Cross-linking nanoparticles into cholesteric textures

Cholesteric liquid crystal surface patterns can also serve as templates for nanoparticle assemblies. Because the assemblies are guaranteed to be at droplet surfaces and are in contact with the water phase, they are physically cross-linkable by simple chemical additions to the surrounding solution. After aligning nanoparticle assemblies at 5 mM C8TAB and 0.2 mM HCl, we introduce 0.5 mM lanthanum chloride (LaCl3) to the solution. LaCl3 strongly decreases the electrostatic repulsion between particles and specifically adsorbs onto the silica surface, likely facilitating electrostatic bridging, resulting in silica nanoparticles strongly binding to one another (42).

The integrity of the cross-linked nanoparticle assemblies is tested by heating and cooling the cholesteric droplet to and from the isotropic phase (Fig. 5). This quenches the cholesteric, disrupting the bulk ordering and disturbing the surface pattern formed by the cholesteric. Comparison of a cholesteric droplet before (Fig. 5A) and after (Fig. 5B) this quenching shows that the cholesteric pattern has been thrown into disarray. However, the nanoparticle assemblies retain their linear structure, demonstrating that the cholesteric can successfully template nanoparticles into cross-linkable wires. Without cross-linking by LaCl3, the nanoparticle assemblies generally do not preserve their linear structure after the cholesteric droplets are quenched (fig. S5).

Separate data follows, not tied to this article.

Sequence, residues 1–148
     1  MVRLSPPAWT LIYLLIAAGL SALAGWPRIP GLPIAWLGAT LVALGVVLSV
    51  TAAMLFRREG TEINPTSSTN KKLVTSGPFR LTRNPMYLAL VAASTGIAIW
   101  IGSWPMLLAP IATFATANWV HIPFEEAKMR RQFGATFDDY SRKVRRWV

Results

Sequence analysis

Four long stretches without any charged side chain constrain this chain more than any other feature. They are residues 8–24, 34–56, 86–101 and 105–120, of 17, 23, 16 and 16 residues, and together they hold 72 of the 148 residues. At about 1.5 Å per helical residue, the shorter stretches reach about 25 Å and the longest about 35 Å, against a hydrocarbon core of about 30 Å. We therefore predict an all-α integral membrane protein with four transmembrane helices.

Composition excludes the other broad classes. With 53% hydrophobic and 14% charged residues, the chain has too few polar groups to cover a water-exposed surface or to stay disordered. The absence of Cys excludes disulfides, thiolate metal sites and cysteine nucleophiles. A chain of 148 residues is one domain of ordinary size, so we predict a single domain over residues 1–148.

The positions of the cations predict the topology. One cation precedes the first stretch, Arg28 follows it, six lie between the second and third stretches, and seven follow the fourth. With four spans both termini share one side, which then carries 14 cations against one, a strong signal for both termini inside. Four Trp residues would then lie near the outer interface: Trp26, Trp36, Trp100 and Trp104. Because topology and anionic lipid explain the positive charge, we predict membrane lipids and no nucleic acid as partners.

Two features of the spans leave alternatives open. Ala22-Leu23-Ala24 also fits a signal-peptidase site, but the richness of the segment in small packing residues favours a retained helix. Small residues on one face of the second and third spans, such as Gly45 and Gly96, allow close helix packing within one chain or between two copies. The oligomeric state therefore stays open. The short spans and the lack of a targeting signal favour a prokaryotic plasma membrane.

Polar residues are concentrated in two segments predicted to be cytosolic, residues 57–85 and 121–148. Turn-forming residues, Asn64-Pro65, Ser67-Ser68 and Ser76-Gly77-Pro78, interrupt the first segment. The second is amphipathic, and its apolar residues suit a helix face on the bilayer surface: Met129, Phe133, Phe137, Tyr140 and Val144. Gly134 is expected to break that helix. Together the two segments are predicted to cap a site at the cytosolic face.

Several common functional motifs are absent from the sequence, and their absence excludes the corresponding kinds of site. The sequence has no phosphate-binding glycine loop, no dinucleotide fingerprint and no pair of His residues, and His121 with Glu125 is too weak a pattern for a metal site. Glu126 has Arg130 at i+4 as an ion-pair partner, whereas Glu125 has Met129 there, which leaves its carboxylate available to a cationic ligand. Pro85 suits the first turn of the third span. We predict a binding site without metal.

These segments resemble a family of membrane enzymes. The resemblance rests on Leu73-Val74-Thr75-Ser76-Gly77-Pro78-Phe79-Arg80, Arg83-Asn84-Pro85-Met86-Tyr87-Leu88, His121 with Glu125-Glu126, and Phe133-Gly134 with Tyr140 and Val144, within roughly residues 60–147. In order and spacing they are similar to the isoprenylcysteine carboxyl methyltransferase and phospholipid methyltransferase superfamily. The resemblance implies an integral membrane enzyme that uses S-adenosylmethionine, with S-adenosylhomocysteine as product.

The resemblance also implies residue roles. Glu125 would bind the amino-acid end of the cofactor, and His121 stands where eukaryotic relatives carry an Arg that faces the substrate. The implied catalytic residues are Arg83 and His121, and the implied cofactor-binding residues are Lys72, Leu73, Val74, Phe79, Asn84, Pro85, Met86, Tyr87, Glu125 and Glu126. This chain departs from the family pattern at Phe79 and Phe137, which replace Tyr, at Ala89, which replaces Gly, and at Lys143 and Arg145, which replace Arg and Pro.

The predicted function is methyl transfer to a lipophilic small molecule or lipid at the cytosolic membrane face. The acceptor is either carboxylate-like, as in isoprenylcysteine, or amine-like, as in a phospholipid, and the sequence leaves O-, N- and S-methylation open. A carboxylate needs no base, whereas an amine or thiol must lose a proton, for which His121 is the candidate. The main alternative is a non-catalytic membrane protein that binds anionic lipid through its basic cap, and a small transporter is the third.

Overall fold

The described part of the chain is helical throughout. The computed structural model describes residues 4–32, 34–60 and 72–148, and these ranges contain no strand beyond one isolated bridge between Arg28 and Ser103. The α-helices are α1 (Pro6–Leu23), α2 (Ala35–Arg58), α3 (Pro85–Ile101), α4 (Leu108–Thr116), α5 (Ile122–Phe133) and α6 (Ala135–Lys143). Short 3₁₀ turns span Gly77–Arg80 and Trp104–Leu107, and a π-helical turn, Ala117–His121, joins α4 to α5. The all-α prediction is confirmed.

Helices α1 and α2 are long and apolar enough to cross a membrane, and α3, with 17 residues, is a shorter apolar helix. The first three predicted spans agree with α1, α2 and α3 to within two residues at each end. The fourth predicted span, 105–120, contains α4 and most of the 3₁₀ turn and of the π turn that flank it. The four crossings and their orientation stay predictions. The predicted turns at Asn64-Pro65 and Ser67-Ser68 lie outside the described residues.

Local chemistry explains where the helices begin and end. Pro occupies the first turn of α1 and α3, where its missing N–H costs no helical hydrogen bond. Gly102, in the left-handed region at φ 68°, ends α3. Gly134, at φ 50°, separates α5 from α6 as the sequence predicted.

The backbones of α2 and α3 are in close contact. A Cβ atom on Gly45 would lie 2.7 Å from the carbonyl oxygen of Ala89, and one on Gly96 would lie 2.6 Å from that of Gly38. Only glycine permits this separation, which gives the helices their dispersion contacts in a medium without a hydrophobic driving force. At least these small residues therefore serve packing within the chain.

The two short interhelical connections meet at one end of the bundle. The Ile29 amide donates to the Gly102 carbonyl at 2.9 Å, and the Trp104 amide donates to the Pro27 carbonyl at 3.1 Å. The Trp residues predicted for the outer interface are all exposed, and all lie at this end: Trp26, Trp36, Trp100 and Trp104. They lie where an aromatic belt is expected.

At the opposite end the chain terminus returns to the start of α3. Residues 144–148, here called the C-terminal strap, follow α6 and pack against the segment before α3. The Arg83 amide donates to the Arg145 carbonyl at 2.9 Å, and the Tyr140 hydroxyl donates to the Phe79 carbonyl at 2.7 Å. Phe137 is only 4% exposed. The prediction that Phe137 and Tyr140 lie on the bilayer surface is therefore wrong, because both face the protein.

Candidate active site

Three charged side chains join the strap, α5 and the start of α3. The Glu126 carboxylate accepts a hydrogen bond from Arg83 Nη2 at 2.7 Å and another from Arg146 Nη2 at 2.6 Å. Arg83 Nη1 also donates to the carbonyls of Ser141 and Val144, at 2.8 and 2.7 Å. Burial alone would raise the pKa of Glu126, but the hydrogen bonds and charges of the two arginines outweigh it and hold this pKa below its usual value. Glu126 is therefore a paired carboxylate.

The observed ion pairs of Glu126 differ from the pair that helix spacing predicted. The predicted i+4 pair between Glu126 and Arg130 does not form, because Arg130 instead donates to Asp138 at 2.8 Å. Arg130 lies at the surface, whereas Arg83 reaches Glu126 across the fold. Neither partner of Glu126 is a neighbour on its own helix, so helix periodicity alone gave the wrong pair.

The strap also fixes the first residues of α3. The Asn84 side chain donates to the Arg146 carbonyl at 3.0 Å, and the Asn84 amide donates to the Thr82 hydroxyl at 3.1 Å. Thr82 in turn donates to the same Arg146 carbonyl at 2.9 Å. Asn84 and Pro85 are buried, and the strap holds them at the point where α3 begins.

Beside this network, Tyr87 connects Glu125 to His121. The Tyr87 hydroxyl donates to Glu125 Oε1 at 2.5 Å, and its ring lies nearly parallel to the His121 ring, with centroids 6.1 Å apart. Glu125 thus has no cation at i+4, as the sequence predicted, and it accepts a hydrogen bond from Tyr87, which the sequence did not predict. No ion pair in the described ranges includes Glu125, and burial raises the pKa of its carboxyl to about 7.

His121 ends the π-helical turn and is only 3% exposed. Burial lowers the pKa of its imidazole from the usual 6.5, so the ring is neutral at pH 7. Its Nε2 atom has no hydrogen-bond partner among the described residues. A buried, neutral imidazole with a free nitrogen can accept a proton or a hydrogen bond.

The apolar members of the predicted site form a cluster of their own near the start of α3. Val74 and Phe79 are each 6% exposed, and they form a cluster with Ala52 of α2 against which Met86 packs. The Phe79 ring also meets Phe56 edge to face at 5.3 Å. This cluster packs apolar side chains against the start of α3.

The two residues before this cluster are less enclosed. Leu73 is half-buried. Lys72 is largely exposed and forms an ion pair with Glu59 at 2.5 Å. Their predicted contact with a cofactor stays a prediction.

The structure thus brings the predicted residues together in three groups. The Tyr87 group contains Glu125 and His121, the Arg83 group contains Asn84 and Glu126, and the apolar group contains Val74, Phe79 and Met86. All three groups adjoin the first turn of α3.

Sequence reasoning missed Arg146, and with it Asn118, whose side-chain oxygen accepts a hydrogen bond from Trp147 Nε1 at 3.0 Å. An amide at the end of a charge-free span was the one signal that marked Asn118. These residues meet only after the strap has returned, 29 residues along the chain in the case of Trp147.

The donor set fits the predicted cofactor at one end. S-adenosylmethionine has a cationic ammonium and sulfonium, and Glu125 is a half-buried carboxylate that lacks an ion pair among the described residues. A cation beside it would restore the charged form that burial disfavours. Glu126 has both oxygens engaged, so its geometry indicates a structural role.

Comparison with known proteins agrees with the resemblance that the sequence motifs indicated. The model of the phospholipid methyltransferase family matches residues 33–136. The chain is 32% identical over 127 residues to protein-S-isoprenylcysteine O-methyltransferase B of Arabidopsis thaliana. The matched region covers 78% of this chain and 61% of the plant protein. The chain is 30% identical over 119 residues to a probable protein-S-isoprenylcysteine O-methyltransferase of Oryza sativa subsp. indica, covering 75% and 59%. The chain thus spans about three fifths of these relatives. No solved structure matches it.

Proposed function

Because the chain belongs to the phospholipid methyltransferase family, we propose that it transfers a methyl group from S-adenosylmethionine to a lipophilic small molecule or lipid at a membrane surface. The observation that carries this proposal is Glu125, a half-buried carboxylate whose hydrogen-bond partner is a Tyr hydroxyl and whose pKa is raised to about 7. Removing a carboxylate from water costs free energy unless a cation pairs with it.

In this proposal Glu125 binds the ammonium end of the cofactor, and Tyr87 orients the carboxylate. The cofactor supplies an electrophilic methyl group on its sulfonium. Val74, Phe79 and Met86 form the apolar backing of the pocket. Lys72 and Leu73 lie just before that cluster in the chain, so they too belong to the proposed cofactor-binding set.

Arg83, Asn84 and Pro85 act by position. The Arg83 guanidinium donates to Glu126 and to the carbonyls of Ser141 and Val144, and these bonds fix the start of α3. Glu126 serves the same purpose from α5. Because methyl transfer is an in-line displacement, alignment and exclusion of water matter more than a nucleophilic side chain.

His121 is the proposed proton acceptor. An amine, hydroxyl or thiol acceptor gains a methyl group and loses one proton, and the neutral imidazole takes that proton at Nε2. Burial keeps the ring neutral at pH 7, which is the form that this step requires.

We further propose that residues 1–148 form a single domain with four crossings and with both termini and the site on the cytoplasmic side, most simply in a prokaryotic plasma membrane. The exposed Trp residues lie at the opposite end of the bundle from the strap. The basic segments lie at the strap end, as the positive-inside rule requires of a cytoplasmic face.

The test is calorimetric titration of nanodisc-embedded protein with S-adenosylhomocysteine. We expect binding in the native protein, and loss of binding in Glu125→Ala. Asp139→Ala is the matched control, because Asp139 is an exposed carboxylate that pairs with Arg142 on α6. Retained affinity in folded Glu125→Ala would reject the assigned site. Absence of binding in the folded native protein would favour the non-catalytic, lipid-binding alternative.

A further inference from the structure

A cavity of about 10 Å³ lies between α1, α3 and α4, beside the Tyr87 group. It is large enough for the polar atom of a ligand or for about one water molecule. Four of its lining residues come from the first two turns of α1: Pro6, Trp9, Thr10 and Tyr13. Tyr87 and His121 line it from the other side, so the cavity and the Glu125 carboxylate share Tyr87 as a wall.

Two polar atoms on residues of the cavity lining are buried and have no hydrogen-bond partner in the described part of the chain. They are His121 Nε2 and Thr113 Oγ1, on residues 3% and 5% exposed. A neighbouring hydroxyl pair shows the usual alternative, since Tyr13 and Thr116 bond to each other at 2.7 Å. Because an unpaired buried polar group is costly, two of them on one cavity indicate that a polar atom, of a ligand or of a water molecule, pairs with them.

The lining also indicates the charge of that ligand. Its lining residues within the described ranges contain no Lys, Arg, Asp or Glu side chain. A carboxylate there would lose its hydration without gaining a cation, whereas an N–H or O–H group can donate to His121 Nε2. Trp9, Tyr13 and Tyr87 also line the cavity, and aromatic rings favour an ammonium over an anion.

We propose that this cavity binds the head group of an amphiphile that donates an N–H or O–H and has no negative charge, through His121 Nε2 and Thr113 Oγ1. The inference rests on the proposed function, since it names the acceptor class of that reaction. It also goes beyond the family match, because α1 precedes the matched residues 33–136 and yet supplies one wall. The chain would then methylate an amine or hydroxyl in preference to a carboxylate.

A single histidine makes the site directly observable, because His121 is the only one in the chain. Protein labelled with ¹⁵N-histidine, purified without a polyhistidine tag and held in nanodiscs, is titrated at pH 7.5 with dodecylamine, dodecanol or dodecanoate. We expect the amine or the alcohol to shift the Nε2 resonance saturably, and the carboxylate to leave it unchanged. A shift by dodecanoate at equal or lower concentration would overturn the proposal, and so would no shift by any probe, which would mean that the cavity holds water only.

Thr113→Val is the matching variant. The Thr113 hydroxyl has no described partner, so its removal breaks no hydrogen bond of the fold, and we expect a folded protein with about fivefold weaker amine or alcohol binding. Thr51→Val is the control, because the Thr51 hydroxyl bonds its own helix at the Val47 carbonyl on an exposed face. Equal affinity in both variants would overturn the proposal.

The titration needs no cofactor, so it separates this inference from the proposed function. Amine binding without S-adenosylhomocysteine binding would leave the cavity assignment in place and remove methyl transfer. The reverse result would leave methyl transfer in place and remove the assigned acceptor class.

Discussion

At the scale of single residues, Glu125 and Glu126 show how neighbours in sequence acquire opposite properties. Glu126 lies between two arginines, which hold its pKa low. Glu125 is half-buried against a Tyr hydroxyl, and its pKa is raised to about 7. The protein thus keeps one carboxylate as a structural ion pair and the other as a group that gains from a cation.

Fig. 5 Cross-linking nanoparticle assemblies and destroying cholesteric ordering with temperature.

(A) A confocal micrograph shows the cross-linked nanoparticles on a cholesteric droplet. The integrity of the cross-linked nanoparticle stripes is tested by rapidly heating the droplet to and cooling from the isotropic phase to disrupt the cholesteric ordering. (B) The confocal micrograph of the droplet in (A) after quenching reveals that the nanoparticle assemblies are more disordered, but they still retain their linear shape, confirming their robust structure after cross-linking. Scale bars, 25 µm.